"All major internet providers strongly support a free and open internet," the packet

falsely claims

at one point. "Market and finance experts unanimously predict a massive drop off in investment under utility regulation," it

incorrectly states

in another section. "In practice, these regulations have proven to be anti-consumer," the authors bizarrely conclude.

The packet then comically cites a rotating crop of telecom-funded think tank studies and telecom-written op-eds as supporting evidence for these repeatedly-debunked positions.

"Want more information on the net neutrality discussion?" asked Washington state Rep. Cathy McMorris Rodgers, chair of the House Republican Conference in the e-mail pushing the talking points. "Here is a nifty toolkit with news resources, myth vs reality information, what others are saying, and free market comments."

Rodgers failed to mention that the "nifty" package of pre-formulated ideas came directly from the cable industry.

According to analysis of packet metadata by the Intercept, the package was put together by Kerry Landon, the assistant director of industry grassroots at the National Cable and Telecommunications Association -- the cable industry's biggest lobbying and policy organization. The package was also circulated by Broadband for America, a lobbying coalition funded by most of the biggest broadband providers.

While everybody knows (or should know) that this is how pay-to-play government works, it doesn't make the episode any less grotesque. For its part, the NCTA was quick to insist in a statement that politicians parroting pre-scripted talking points while they ignore the desires of consumer constituents is just how this stuff works.

"NCTA is one of hundreds of organizations engaged in public policy on communications, technology and media and it is common practice to provide policymakers with information and background on key issues," said Joy Sims, a spokesperson for NCTA. "We are always happy to provide briefings, materials and other information to the media, policymakers and others."

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I wrote ‘The Art of the Deal’ with Trump. His self-sabotage is rooted in his past.

President Trump’s behavior hasn’t changed in decades. It probably never will. (Jabin Botsford/The Washington Post) Why does Donald Trump behave in the dangerous…
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Plant life in Antarctica is booming because of climate change, researchers say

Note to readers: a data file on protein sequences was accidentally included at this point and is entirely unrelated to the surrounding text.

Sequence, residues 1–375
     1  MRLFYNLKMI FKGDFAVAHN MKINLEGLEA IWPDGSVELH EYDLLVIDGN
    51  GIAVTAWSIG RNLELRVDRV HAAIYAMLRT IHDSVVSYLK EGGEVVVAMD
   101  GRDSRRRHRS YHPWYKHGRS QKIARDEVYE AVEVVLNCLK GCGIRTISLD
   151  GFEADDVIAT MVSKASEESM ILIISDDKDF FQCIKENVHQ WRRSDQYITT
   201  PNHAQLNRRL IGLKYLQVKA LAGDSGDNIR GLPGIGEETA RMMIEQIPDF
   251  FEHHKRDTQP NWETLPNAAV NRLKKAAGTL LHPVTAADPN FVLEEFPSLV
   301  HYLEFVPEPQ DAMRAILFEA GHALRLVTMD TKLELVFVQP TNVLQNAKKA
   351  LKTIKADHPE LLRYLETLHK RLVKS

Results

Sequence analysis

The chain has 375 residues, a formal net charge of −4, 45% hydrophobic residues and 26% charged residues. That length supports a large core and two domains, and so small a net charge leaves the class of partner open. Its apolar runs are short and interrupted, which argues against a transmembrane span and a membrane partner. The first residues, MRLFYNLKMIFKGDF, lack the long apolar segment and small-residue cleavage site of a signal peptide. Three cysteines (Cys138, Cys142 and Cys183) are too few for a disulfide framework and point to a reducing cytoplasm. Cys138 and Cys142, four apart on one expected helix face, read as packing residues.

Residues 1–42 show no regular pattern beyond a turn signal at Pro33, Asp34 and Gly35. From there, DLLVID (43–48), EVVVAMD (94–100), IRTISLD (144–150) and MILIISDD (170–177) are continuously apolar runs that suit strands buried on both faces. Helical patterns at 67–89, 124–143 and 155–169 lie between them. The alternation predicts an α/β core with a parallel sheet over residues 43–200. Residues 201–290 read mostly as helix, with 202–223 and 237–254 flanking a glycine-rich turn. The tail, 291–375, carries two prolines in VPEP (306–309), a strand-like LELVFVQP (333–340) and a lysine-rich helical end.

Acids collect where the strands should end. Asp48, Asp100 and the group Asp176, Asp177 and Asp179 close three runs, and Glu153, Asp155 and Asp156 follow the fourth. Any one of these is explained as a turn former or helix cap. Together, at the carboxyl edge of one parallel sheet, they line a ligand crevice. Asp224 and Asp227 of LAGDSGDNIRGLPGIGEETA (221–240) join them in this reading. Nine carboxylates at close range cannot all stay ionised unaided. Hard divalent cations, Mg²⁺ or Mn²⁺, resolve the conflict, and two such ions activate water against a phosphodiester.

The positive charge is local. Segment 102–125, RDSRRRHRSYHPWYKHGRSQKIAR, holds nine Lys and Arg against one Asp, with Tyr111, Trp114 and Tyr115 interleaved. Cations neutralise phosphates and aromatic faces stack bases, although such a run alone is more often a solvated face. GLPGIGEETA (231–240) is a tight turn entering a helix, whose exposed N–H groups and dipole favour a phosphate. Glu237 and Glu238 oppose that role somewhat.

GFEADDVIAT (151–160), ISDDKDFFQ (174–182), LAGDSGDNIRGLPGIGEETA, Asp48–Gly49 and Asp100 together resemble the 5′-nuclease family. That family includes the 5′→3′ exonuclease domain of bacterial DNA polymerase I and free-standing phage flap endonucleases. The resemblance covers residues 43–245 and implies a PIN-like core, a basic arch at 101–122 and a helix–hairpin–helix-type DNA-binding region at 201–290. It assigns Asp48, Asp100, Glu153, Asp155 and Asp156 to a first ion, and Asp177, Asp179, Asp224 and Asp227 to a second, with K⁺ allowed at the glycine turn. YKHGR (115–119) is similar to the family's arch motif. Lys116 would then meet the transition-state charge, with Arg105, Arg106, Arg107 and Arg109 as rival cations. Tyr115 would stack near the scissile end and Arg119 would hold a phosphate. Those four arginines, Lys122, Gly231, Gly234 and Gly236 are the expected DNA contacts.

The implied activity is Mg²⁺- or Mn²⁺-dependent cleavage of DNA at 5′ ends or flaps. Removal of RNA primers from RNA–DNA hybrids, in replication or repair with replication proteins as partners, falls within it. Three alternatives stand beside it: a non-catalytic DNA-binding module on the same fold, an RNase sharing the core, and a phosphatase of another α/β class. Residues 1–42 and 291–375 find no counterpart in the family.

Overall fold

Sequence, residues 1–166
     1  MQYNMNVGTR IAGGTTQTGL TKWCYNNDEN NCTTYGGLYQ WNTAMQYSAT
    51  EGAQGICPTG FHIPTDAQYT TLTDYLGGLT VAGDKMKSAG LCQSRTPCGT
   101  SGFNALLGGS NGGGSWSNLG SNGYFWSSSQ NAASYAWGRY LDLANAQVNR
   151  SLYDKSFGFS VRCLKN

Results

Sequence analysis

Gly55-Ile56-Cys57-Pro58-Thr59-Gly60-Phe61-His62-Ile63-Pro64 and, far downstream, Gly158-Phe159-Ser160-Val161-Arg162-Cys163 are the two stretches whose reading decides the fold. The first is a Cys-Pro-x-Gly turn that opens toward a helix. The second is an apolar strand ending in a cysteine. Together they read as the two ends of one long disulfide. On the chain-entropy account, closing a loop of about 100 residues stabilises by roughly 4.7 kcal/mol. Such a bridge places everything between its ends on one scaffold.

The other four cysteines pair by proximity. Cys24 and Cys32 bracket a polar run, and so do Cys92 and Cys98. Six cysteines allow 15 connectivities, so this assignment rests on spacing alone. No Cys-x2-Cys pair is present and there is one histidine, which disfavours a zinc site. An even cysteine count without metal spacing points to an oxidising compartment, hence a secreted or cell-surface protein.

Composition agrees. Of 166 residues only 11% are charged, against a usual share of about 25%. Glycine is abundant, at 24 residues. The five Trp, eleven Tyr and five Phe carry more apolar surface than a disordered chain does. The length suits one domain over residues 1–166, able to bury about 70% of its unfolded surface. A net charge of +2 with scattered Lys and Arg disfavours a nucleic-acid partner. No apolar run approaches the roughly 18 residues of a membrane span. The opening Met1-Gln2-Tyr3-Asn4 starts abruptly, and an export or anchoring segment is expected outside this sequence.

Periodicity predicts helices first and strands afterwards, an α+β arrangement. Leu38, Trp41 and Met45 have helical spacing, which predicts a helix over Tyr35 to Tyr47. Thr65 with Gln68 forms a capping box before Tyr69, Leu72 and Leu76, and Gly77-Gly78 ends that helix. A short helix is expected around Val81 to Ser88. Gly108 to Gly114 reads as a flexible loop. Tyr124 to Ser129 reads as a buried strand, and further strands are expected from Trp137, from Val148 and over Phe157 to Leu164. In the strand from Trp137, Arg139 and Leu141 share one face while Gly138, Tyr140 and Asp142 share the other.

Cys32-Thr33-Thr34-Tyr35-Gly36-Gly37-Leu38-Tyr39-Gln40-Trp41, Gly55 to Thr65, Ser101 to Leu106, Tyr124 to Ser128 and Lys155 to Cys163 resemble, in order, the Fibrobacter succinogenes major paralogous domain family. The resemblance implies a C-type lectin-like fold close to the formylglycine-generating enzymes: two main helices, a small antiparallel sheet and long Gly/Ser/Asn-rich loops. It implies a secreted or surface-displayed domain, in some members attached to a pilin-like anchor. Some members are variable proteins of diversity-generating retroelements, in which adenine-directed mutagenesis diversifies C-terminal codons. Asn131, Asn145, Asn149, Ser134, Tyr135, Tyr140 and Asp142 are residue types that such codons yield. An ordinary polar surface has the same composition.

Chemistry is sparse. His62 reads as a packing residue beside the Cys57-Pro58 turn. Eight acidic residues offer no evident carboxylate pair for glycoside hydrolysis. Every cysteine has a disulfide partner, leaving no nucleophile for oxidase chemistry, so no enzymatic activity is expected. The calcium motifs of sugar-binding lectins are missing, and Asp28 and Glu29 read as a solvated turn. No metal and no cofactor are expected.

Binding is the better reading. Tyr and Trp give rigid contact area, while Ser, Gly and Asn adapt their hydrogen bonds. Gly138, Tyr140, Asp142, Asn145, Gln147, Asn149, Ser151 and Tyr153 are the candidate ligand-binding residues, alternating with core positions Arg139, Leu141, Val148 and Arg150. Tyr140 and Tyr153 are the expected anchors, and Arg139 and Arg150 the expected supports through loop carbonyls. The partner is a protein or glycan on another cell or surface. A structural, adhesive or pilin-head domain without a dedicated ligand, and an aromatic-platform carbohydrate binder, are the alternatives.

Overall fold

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Researchers in Antarctica have discovered rapidly growing banks of mosses on the ice continent’s northern peninsula, providing striking evidence of climate change in the coldest and most remote parts of the planet.

Amid the warming of the last 50 years, the scientists found two different species of mosses undergoing the equivalent of growth spurts, with mosses that once grew less than a millimeter per year now growing over 3 millimeters per year on average.

“People will think of Antarctica quite rightly as a very icy place, but our work shows that parts of it are green, and are likely to be getting greener,” said Matthew Amesbury, a researcher with the University of Exeter in the United Kingdom and lead author of the new study. “Even these relatively remote ecosystems, that people might think are relatively untouched by human kind, are showing the effects of human induced climate change.”

The study was published Thursday in Current Biology, by Amesbury and colleagues with the University of Cambridge, the British Antarctic Survey and the University of Durham.

[Trump’s budget expected to massively slash research on renewable energy — and ‘clean coal’]

Less than 1 percent of present-day Antarctica features plant life. But in parts of the peninsula, Antarctic mosses grow on frozen ground that partly thaws in the summer — when only about the first foot of soil ever thaws.

The surface mosses build up a thin layer in the summer, then freeze over in winter. As layer builds on top of layer, older mosses subside below the frozen ground, where they are remarkably well preserved due to the temperatures.

Amesbury said that made them “a record of changes over time.”

Soil samples from a 400-mile area along the northern part of the Antarctic peninsula found dramatic changes in growth patterns going back 150 years.

The Antarctic peninsula has been a site of rapid warming, with more days a year where temperatures rise above freezing. The consequence, the study found, was a four- to five-fold increase in the amount of moss growth in the most recent part of the record.

Photos taken by the authors during the research also captured some strikingly green Antarctic landscapes, like this one on Green Island:

Green Island moss bank with icebergs in background. (Matt Amesbury)

“This is another indicator that Antarctica is moving backward in geologic time — which makes sense, considering atmospheric CO2 levels have already risen to levels that the planet hasn’t seen since the Pliocene, 3 million years ago, when the Antarctic ice sheet was smaller, and sea-levels were higher,” said Rob DeConto, a glaciologist at the University of Massachusetts, Amherst, who was not involved in the study but reviewed it for The Washington Post.